Negative vibes and newspaper clippings

“WHEN  is this going to appear?” asks Dr David Hickey, a flicker of roguishness in his query. “Saturday? That’s okay then — so Mayo won’t have much time to read it.”

These were the brilliant opening lines in John Fogarty’s Irish Examiner article published on the morning of the All-Ireland Football final just a few weeks ago. I couldn’t wait to read it. To soak up the sheer honesty of a man giving an opinion without a filter. It didn’t matter whether it was true or not. It roused great chatter over breakfast tables and social media for the day.

Up until then, chatter was in short supply. People who might normally run their mouths off stayed quiet. Either because they couldn’t be found as they were cooped up at home or perhaps they were afraid that opening their mouths might tip the fates against finishing the championship.

Honesty isn’t seen as any kind of reasonable policy in the GAA. All interviews are monotonous and dull. As someone who made a living for a long time interviewing these players and managers my heart used to sink when certain people were wheeled out to parrot the party line. A pointless, bland exercise where the only winner was a sponsor. And probably the player who banked some cash as well, so in fairness, it wasn’t too pointless for him.

I digress. One of the main reasons why their interviews are as flavourless as bacon and cabbage boiling away for far too many hours on a Connemara stove on a damp winter’s evening is the fear of giving the other side some ammunition.

We all know that Dublin do  not fear Westmeath but imagine the outcry if Jonny Cooper was perfectly honest in an interview and said ‘look I’m sure Westmeath train just as hard as we do, if not more, but let’s stop pretending we’re losing sleep worrying about them.’

David Hickey was stirring that Saturday morning. He knew it, we knew it and we all loved it. Even those of the Mayo fraternity who denounced it from an altar higher than John Charles McQuaid could ever dream of having, were delighted to have something to vent about. To feel an emotion attached to football again. To be enraged by something as unimportant, yet so important as an opinion in a newspaper. I knew exactly where the discourse would be taken; ‘well, that’s great motivation for James Horan. He should hang that on the dressing room wall.’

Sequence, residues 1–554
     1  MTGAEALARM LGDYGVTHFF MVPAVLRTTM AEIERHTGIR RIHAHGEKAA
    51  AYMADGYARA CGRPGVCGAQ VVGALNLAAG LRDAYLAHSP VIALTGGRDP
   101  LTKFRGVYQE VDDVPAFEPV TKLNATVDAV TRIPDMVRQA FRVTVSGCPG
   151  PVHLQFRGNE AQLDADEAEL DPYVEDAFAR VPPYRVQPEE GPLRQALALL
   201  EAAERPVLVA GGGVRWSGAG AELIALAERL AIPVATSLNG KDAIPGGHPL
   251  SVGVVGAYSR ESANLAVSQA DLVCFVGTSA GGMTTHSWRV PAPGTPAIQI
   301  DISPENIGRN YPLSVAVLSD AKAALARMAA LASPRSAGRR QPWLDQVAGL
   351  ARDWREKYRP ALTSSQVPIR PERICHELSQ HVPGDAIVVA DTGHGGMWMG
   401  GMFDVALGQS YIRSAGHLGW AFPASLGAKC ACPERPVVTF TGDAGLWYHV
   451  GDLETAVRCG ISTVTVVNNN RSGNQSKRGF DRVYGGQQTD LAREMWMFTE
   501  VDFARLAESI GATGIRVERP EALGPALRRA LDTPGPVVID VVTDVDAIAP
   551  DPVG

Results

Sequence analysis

Even Hickey thought it might happen, surmising; “But I don’t rate Mayo and I don’t think Mayo will be close at the end of the game. They could be putting this article up in the dressing room in Croke Park on Saturday!”

I haven’t got a clue what James Horan hangs on any of his walls, but I can tell you now, there is no evidence whatsoever that pinning a newspaper article that wasn’t very complimentary toward you on a dressing room wall is a wise thing to do. It is at best a waste of time, and at worst, can damage performance.

“Mayo win all the All-Stars awards and the Player of the Year and all this sort of crap but they always do because they’re such a tragic outfit. Andy Moran getting Player of the Year — he played half a game in every match. The Mayo goalkeeper (David Clarke) getting the All-Star ahead of Cluxton there one year.”

What manager in their right mind would think that’s a good message to be feeding their players? If you’re questioning the motivation of a team that has gone for so long without that final glory, you’ve already lost the battle. By the same token, being annoyed by someone’s opinion of you, when you know yourself how hard you have worked shows either a lack of self-confidence or a misplaced focus of attention.

I know some teams have done this and a manager will say it was a good idea as they were ‘flying in training after it, taking lumps out of each other.’ One would say they probably forgot how to play football or hurling too while they were pretending to be kickboxers. Inevitably, the focus is lost. It is not good for game-plans or mental preparation. It’s a recipe for the loss of control. Yellow, black and red cards.

On a more serious note, we are all well versed on the dangers of abusive social media commentary. It can have devastating consequences.

Once upon a time, you had to go to the effort to buy a paper to be picked apart, or go to the local;  now people tag you in their opinions 24/7 and that can get into your head. Why would you invite that kind of potential danger into what is supposed to be your safe space? Just because it was done before, doesn’t mean it was right nor does it mean it was in any way useful. You’d be very naïve to think that Donegal’s success in 2012 was just down to Jim McGuinness repeating what people wrote about them to rile them up.

Perhaps you’re not giving the training they did the credit it deserves. There is no proof whatsoever in any kind of evidence-based intervention that it is positive reinforcement.

Just because stuff like this was done back in the day, doesn’t mean that you shouldn’t evolve with the evidence, when you know that it may actually hand the whisper of an advantage to the other side. Because you’re fighting with words that mean nothing, while they’re playing the game.

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